UK’s patentbox ‘breaches EU tax code’

The British government’s patent box which allows companies to cut their corporation tax to 10% constitutes harmful tax competition, according to the European Commission.

The tax break — which came into force in April — was introduced in last year’s budget and was to be phased in over five years with the express intention of increasing the amount of R&D undertaken in Britain. However it was also seen as a challenge to Ireland’s 12.5% corporation tax rate.

In its assessment the European Commission said the patent box breaches two provisions of the EU’s Code of Conduct on Harmful Business Taxation — that the patent development does not have to necessarily happen in Britain and produces no real economic advantage to the country; and that the lower rate of tax can be extended to cover more than just the patent.

The Commission also pointed out the complex formula used to calculate the tax break was not part of the routine system used and was not transparent.

Britain estimated that the tax break, once fully phased in from 2018, would cost the exchequer €898m a year. They said so far 35 groups had applied to use it, at a tax saving to them of €206m a year.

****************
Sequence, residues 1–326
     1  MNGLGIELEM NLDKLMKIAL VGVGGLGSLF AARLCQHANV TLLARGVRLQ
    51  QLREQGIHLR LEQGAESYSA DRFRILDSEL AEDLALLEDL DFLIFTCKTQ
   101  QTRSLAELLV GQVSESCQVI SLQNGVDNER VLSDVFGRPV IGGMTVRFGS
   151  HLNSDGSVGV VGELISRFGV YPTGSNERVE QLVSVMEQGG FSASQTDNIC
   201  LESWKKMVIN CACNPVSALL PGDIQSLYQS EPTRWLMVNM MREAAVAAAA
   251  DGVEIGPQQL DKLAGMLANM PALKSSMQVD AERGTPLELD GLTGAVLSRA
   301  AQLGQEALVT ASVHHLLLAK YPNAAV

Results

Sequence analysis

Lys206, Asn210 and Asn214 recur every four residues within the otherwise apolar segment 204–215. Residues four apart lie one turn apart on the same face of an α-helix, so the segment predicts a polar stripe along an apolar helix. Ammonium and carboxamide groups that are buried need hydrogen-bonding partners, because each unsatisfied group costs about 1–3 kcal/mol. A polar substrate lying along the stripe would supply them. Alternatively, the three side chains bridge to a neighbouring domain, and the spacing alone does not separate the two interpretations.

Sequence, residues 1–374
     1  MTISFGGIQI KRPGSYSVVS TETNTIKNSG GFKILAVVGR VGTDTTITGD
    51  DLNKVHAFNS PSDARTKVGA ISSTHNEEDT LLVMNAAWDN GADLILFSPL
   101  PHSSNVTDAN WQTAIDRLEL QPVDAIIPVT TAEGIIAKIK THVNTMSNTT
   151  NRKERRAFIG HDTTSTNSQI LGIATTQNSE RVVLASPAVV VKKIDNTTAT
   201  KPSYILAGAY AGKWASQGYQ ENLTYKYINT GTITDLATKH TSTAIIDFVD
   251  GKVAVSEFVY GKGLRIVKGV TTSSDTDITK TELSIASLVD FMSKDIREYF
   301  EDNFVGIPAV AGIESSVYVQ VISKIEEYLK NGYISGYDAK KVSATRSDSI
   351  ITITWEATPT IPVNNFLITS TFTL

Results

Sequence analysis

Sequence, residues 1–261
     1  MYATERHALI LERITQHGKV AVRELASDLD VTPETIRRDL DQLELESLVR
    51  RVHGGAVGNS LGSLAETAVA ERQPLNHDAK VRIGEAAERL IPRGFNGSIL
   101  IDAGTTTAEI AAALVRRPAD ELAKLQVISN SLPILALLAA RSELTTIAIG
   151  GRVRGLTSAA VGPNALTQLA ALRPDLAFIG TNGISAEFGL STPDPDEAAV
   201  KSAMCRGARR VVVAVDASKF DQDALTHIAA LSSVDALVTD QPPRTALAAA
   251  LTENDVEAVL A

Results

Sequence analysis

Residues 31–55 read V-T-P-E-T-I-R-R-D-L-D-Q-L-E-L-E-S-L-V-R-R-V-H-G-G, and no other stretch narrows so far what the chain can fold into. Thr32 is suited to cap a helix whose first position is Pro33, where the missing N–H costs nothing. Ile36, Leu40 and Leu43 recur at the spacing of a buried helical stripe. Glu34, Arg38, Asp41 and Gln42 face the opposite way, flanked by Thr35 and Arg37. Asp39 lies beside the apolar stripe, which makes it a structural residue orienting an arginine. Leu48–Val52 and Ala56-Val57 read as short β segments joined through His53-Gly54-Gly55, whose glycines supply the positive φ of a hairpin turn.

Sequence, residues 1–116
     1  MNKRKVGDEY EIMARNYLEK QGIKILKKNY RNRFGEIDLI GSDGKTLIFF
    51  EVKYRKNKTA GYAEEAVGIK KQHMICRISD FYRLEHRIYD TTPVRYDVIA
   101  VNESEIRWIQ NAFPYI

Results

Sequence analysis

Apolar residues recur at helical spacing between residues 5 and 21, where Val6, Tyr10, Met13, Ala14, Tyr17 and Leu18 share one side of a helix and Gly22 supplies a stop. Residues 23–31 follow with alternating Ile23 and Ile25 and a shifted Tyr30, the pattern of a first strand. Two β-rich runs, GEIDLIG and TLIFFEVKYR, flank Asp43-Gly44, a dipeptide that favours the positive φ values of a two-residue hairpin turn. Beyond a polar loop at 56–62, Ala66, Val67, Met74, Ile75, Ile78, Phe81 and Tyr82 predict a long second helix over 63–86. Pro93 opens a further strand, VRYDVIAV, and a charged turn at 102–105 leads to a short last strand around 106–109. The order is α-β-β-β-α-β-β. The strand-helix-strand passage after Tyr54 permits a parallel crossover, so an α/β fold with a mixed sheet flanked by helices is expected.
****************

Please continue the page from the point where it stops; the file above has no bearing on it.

An EU source said the patent box allows companies to protect an important part of their tax base from the standard 23% corporate tax rate and pay a reduced 10% rate instead.

For instance if the key pad on a mobile phone was patented, the company could potentially claim the entire profits on the sale of the phone qualified for the lower tax rate and then, using the complex formula, decide which proportion of the profits were directly linked to the patented key pad. Various elements, including marketing, could be included in the lower rate.

According to Citigroup, GlaxoSmithkline will cut its rate of tax from 24% this year to 21% within four years. A similar ‘innovation box’ is also offered by the Netherlands, Belgium, Czech Republic, France, Hungary and Spain.

Germany has been especially upset by the UK move which they say has seen their share of patents cut and move to Britain, and the UK’s share increase from double digits to more than 2,000 in less than a year.

Ireland can also be expected to object when the Code of Conduct Group meets next Tuesday to review the Commission’s report on the British patent box. However, with the number of other countries with similar tax breaks, the member states represented on the group are not expected to take action, other than to recommend that Britain amend the scheme.

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